Take a look at the links below if you want to follow along, and as always, tell us what you think about this episode in the comments!
Dovetails are a wedge-shaped joint found in woodworking. The wedge makes for strong joinery because a force that tries to pull it apart also increases the friction on the joint. This mallet has dovetails on either side that keep the head from flying off, but there’s also a through tenon in the center. This is an impossible joint as there’s no way to slide the mallet head onto the handle. The two pieces of wood must have grown that way!
The trick comes in the form of internal voids hidden from view once the two pieces of the mallet have been assembled. The through tenon is exactly as you’d expect: a straight tenon slides into a straight mortise in the mallet. The dovetails to either side of the handle and the pockets they mate with in the mallet head are not at all what you’d expect. The edges of the dovetail have been chamfered at 45 degrees so you can’t pull them to the outside of the mallet as you slide them into place. The opposite is the actual trick. Each of the dovetails bends inward until a ramp at the very end of the mallet pocket pushes it back into place.
Underside of mallet head shows “ramp” detail
Tenons clamped during assembly
The impossible mallet isn’t a new concept and stands as a formidable challenge for any accomplished woodworker. The images above are of [Jim Guilford’s] impossible mallet. Here the trick is fully exposed, showing the dovetail tenons of the handle clamped together as it is driven into place. Two things are striking here; the joints cannot be tested and must be perfect before assembly, and there is a real chance the tenons will break or the mallet head will split apart from the force of assembly. This project will test your courage as much as it will your patience.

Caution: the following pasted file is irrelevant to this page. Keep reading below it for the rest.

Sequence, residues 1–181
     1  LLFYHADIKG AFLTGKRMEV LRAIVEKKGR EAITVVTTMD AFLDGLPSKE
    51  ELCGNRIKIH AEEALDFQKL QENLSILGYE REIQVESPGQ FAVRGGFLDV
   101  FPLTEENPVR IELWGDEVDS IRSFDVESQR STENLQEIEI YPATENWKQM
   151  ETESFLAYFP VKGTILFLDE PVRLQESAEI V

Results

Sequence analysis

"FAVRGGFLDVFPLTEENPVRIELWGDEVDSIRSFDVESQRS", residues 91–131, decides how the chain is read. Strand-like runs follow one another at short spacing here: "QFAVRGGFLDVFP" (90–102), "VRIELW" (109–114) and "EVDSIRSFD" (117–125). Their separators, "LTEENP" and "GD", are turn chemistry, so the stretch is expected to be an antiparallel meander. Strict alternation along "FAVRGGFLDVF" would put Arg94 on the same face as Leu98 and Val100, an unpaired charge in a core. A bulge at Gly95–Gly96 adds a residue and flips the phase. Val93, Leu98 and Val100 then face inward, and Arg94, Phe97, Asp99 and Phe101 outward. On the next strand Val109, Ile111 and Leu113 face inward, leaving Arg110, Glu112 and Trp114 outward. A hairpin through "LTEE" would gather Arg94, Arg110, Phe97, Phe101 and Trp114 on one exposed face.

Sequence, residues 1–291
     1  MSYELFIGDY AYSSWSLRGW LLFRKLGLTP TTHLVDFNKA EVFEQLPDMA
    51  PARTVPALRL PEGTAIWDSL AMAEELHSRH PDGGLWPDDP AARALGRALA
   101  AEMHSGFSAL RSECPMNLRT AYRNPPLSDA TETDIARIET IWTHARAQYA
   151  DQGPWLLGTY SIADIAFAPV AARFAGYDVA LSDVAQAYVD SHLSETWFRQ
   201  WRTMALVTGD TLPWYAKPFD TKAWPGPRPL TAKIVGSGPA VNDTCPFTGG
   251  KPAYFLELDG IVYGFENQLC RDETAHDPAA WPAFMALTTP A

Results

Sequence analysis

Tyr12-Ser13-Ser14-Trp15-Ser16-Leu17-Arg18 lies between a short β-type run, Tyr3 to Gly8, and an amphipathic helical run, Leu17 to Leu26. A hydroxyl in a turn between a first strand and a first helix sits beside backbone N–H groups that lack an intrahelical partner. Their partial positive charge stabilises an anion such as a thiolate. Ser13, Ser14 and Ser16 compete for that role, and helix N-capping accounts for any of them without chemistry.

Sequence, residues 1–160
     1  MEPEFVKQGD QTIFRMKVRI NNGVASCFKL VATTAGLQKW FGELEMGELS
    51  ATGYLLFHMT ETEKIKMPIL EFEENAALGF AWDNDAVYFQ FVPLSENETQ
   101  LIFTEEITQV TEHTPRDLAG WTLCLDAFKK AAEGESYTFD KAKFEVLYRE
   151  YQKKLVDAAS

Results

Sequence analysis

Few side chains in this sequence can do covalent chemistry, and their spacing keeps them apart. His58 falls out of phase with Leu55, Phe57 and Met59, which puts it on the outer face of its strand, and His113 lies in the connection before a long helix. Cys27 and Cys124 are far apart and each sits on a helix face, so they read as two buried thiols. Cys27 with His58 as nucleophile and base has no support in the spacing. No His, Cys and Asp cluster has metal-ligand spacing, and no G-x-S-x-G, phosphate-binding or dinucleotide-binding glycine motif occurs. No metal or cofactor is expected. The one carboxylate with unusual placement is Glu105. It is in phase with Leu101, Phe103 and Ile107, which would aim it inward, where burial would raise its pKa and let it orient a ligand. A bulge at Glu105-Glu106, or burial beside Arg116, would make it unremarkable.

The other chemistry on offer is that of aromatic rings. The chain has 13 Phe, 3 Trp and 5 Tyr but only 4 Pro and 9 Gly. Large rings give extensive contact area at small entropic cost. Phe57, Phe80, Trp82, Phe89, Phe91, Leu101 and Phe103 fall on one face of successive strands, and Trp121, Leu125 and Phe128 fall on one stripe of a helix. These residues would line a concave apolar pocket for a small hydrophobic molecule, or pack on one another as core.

Not too long ago we wrote about a small CNC tool for automating certain parts of the woodworking process. At the time it seemed unusual in its intentionally limited scope but a few commenters mentioned it reminded them of another device, [Matthias]’s Pantorouter. It didn’t take much investigation to see that thecommenters were right! The MatchSticks device does feel a bit like a CNC version of the Pantorouter, and it seemed like it was more than worth of a post by itself. The Pantorouter is a fascinating example of another small manual-but-automated tool for optimized for accelerating and improving certain woodworking operations.
Drawn along in the wake of the 3d printing/home shop revolution has been the accessibility of traditional subtractive CNC equipment, especially routers and mills. Speaking of, want a desktop mill? Try a Bantam Tools (née Othermachine) Desktop Milling Machine or a Carvey or a Carbide 3D Nomad. Tiny but many-axis general purpose mill? Maybe a Pocket NC. Router for the shop? Perhaps a Shapeoko, or an X-Carve, or a ShopBot, or a… you get the picture. [Rundong]’s MatchSticks deviceis a CNC tool for the shop and it might be classified as a milling machine, but it doesn’t quite work the way a more traditional machine tool does. It computer controls the woodworker too.
At a glance MatchSticks probably looks most similar to a Pocket NC with a big Makita router sticking out the side. There’s an obvious X-axis spoilboard with holes for fixturing material, mounted to a gantry for Z-axis travel. Below the big friendly handle on top is the router attached to its own Y-axis carriage. The only oddity might be the tablet bolted to the other side. And come to think of it the surprisingly small size for such an overbuilt machine. What would it be useful for? MatchSticks doesn’t work by processing an entire piece of stock at once (that what you’re for, adaptable human woodworker) it’s really a tool for doing the complex part of the job – joinery – and explaining to the human how to do the rest.